Frida's fiery marriage with legendary Mexican artist Diego Rivera is also at the forefront of the film. The movie's themes match Frida's passionate and sorrowful paintings, leaving your eyes glued to the screen.
This adorable animated musical will have you singing at the top of your lungs. “Coco” follows a 12-year-old boy named Miguel, who gets trapped in the underworld on Dia de los Muertos and must find his way home.
There, he meets his musician great-great-grandfather, Ernesto, who helps him return to his living family and reinforces his love of guitar. “Coco” took home two Oscars in 2018.
Y Tu Mamá También
In this new-wave coming-of-age film, two teenage best friends, Julio and Tenoch, embark on a spontaneous road trip with a 20-something-year-old woman named Luisa. A take on the typical American roadie movie, the early 2000s film pays homage to the beautiful Mexican landscape.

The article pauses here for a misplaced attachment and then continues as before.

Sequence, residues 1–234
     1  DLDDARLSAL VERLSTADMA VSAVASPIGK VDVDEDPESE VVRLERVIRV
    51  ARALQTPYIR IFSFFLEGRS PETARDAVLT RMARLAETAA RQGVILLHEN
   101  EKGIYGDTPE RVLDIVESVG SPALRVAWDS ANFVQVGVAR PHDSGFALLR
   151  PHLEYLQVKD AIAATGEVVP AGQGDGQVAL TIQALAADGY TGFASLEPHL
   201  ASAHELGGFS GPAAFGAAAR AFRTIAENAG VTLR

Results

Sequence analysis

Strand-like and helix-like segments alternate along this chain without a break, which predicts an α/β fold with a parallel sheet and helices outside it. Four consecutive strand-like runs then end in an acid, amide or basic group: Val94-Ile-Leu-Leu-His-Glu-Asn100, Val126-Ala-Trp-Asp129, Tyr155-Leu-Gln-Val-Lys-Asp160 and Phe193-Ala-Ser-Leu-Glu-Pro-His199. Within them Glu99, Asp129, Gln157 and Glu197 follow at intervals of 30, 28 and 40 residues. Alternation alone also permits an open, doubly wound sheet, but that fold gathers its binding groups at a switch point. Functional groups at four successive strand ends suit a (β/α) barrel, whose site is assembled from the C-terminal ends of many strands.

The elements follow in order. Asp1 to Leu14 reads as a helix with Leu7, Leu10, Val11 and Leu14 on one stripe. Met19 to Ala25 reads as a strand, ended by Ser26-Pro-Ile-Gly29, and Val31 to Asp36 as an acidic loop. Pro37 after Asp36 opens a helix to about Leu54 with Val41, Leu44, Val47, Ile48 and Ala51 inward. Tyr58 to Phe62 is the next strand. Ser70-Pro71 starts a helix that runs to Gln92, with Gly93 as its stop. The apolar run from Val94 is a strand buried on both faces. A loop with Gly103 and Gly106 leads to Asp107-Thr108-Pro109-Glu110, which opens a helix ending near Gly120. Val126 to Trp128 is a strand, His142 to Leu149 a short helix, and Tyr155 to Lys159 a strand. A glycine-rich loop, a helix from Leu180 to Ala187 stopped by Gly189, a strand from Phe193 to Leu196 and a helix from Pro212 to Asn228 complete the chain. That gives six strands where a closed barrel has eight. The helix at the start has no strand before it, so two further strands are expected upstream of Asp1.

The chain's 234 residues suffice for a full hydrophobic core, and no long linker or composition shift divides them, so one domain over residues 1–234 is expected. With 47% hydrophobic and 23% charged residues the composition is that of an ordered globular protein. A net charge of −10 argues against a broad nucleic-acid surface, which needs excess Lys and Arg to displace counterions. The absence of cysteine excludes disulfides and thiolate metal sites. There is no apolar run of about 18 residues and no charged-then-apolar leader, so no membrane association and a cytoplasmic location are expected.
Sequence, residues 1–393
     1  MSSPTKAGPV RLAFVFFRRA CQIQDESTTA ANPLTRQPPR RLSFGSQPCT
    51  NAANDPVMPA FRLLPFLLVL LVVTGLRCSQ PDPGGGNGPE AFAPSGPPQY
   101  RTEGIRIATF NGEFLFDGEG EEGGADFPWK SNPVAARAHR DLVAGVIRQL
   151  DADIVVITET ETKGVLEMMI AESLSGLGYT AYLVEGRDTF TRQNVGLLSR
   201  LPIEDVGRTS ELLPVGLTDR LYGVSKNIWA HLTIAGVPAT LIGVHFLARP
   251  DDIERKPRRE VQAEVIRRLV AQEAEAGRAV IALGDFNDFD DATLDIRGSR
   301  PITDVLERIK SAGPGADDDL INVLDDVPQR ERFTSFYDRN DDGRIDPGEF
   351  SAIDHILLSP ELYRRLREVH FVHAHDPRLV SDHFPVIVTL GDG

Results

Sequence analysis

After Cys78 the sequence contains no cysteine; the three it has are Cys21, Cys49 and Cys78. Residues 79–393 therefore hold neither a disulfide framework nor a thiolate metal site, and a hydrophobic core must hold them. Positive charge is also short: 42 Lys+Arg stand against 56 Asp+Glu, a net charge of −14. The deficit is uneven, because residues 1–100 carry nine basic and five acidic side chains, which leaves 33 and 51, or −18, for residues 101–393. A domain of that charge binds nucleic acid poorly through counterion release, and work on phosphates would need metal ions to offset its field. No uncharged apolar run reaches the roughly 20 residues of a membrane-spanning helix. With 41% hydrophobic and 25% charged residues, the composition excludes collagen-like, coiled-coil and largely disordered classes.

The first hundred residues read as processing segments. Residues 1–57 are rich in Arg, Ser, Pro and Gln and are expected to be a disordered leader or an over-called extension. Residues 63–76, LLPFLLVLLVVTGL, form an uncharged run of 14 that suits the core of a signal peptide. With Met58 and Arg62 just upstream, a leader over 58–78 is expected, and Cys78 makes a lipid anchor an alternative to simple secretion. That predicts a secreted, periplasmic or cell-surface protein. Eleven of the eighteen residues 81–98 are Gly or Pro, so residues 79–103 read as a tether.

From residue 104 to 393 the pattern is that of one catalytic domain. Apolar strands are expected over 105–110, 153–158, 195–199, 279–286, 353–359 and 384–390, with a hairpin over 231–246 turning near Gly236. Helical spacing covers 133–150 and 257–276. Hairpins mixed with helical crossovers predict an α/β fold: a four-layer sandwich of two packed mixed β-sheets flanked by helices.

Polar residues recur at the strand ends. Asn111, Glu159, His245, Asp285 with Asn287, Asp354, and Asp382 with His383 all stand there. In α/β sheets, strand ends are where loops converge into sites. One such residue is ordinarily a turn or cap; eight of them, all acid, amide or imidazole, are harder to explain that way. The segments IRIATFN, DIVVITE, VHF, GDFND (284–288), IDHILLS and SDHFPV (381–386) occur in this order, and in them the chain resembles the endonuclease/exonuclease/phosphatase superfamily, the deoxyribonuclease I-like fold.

A then-up-and-coming Latino actor Diego Luna delivers a stunning performance in this film about self and sexual discovery. The movie is available with English subtitles.
Bajo la Misma Luna/Under the Same Moon
In this touching film, a single young mother named Rosario crosses the U.S./Mexico border, leaving behind her young son Carlitos. After his grandmother passes away, Carlitos escapes his greedy aunt and uncle, who want custody of him so they can take the money Rosario sends him every month.
Carlitos starts his own journey to find his mother by dangerously crossing over into the U.S. The movie explores themes of love and determination, highlighting key tenets of Mexican culture.
A Hispanic Heritage Month Movie list isn't complete without “Selena.” The groundbreaking movie from 1997 stars a young Jennifer Lopez in the titular role of the Tejano music star Selena Quintanilla Perez. Beloved Latino veteran actor Edward James Olmos, who was mentioned previously in this list for his role in “Stand and Deliver,” adds his magic touch as Selena's father, Abraham.
Watching this movie, you'll learn about Selena's legendary rise to fame, her impromptu and passionate marriage to Chris Perez, and how a tragic betrayal led to her untimely death.